His desire to preach the Gospel never wavered after his initial conversion, and in 1940 he entered the Florida Bible Institute and was subsequently ordained in the Baptist ministry. He then spent a brief period at the prosperous little liberal arts college at Wheaton, Illinois, which now boasts an enormous Greek revival building in honour of its most famous alumnus, known as the Billy Graham Center. He did not read theology at Wheaton; indeed, as he told me, he had never studied divinity in an academic way at all. At Wheaton he read anthropology, and it was here that he met his wife, Ruth, a fellow-student, the daughter of Presbyterian missionaries in China. Even at this early stage, Billy was revealing his extraordinary qualities of oratory. It was not long before he was catapulted from being a preacher at United Gospel Tabernacle, Wheaton (in the suburbs of Chicago), to being a popular radio evangelist on one of Chicago's most popular religious shows, Songs in the Night. That started in 1943, and some of the figures who were with him on that show, most notably George Beverly Shea, the gospel singer, are still part of the Billy Graham entourage. For the next six years he built up his reputation, preaching to hundreds of thousands of people at missions and crusades all over the United States.

A decisive turn in Billy's early evangelistic career came during a visit to Los Angeles in 1949, when his star potential was noted by William Randolph Hearst. "When God gets ready to shake America, he might not take the PhD and the DD and the ThD. God may choose a country boy! God may choose a little nobody to shake America for Jesus Christ in this day!" When this speech was reported to him, Hearst sent a famous memo to all his editors - PUFF GRAHAM.

Billy Graham has been in the limelight ever since. And from the beginning, he has never lost the distinctive twin hallmarks of his approach: a simple adherence to old-fashioned salvationism combined with an equally innocent delight in the company of famous and powerful people. He has been close to two presidents - Eisenhower and Nixon - and on terms with each one since Truman. In a country where very nearly a third of the population claim to be born-again Christians, Billy's place in the scheme of things has not diminished as the years pass.

William Blake wrote: "The strongest poison ever known/Came from Caesar's laurel crown." For those who see the truth of these words there will be a paradox in the thought of an evangelist who enjoys a round of golf with Richard Nixon. As easily could one imagine John the Baptist attending chariot races with Pontius Pilate.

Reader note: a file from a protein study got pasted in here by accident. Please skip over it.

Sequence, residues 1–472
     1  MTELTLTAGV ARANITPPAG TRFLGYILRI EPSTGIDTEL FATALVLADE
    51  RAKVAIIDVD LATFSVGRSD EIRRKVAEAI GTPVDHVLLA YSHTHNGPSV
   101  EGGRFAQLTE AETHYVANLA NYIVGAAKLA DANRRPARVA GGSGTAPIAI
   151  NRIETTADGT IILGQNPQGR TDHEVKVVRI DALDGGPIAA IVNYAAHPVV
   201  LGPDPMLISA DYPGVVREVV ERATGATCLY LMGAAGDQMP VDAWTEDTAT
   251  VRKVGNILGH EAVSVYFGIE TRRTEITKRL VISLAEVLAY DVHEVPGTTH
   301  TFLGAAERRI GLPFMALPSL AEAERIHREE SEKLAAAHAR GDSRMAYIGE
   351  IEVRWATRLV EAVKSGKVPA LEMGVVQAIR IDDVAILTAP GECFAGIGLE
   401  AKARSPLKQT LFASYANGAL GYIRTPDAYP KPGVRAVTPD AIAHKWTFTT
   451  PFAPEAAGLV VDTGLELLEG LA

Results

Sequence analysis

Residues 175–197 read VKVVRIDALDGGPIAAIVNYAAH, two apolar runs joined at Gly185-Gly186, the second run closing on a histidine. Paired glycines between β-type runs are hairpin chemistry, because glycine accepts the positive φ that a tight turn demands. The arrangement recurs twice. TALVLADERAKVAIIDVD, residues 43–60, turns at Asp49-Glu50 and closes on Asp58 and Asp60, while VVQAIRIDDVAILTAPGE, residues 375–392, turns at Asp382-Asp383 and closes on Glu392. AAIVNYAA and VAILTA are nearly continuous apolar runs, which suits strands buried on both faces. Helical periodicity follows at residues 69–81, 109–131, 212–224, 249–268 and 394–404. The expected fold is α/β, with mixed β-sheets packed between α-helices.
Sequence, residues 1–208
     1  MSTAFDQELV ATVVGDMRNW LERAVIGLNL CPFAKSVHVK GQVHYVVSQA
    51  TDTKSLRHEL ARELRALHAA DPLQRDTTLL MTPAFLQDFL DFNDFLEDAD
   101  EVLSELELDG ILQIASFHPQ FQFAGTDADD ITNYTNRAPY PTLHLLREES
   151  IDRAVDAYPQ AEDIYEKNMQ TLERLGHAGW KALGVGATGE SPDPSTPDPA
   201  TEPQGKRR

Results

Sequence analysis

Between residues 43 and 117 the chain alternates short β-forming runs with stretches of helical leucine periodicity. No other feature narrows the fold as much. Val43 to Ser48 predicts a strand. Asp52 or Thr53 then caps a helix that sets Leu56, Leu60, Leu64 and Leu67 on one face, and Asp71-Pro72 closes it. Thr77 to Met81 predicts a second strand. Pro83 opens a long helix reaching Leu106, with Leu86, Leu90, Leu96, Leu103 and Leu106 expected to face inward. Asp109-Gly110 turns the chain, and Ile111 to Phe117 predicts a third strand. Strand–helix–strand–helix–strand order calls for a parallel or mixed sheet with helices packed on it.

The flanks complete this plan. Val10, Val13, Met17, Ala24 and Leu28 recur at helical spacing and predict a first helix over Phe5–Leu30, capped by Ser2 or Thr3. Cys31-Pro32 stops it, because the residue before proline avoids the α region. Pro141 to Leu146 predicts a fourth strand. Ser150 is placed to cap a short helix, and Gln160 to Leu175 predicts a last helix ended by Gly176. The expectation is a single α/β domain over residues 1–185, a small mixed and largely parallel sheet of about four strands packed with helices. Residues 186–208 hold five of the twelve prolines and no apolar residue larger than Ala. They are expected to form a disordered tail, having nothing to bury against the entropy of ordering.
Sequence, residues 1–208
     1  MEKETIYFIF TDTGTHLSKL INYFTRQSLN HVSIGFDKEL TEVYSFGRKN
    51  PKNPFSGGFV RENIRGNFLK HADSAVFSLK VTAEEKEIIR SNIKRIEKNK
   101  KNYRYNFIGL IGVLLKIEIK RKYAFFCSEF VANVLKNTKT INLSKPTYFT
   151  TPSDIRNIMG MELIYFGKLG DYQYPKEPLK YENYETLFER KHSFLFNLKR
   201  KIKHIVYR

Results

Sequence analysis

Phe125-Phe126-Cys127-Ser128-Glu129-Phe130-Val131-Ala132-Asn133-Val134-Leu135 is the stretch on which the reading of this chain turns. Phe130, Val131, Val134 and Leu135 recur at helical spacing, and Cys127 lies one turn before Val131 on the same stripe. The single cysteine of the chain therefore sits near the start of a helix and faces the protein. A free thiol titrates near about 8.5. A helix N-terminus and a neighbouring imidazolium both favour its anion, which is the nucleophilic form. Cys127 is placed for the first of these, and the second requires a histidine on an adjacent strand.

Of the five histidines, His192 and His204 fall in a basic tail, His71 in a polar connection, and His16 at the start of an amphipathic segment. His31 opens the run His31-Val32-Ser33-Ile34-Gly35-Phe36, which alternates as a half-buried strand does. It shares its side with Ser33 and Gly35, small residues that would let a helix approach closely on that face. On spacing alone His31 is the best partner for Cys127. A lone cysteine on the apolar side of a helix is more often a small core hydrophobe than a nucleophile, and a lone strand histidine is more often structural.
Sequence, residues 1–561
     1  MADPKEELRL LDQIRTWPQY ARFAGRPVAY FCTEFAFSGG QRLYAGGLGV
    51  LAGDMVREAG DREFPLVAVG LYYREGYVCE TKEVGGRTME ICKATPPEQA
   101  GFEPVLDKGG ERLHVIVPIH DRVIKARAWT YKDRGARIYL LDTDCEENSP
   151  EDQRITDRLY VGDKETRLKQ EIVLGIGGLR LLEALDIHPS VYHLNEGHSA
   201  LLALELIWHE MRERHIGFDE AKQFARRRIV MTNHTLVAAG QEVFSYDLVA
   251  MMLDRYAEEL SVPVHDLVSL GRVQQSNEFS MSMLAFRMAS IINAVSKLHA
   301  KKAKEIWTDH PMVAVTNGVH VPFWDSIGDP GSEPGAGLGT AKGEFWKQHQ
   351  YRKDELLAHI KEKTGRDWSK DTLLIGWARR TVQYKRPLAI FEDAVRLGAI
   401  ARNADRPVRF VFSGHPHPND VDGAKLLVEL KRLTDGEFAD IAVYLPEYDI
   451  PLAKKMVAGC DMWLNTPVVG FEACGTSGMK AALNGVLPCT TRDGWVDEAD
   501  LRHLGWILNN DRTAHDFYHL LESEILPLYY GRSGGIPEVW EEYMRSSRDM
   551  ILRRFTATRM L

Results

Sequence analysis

For Billy Graham, these encounters with power have a genuinely Christian purpose and he spoke to me admiringly of the religious position of the established church in England. "You have a state church which means that you can do things religiously, which we cannot do in this country."

It's an old idea - perhaps as old as Constantine - but are not the demands of the Gospel so otherworldly as to be irreconcilable with the demands of practical politics? Did such questions ever crop up, I asked him, when golfing with Richard Nixon? He said that they did, but would give nothing further away. "I don't quote the Queen. I don't quote the Prime Minister. I don't quote the President," he said, with the satisfied tone of a man who was used to having private conversations with them all. True, he has moved away from his more hawkish positions, as when he assured Truman that the bombing of Nagasaki was the judgement of God, or urged Eisenhower to keep up the Cold War since anyone influenced by Communism was "controlled by the supernatural power of evil".

On Vietnam, he went on record as saying "We tend to blame America too much and the Vietcong too little." In 1969 he submitted to Nixon - whom he had known for 20 years and regarded as a man "of strong moral integrity" - a "Confidential Missionary Plan to End the Vietnam War". It involved withdrawing American troops and using North Vietnamese defectors to bomb the North.

This aspect of Billy Graham's career -his heavy commitment to the American Right- is not something which much affects his English audiences. He first came to London in 1954, when he was 35, preaching in the Harringay Stadium. It was not long before "Full up" signs were posted in nearby tube stations to repel the thousands who swarmed to hear him. Many British Christians, not all of them of an evangelical persuasion, began their life of faith at these rallies, which have been repeated at regular intervals ever since.

One of the secrets of his success is that he never asks his converts to join a particular church, merely to give their hearts to Christ. The counsellors who are on hand to advise those who are converted at the rallies usually direct you to the church with which you have some vague previous connection - whether Baptist, Anglican or Roman Catholic.

But undoubtedly another reason Billy became and has remained popular in England was the easy way in which he became an "institution". From the first, he has hob-nobbed with archbishops of Canterbury, lord mayors and monarchs, and his missions have always had a flavour of jamboree. Those who might mock his beliefs or oratorical techniques feel a soft spot for him of the kind they might feel for a much-loved if slightly hammy film star.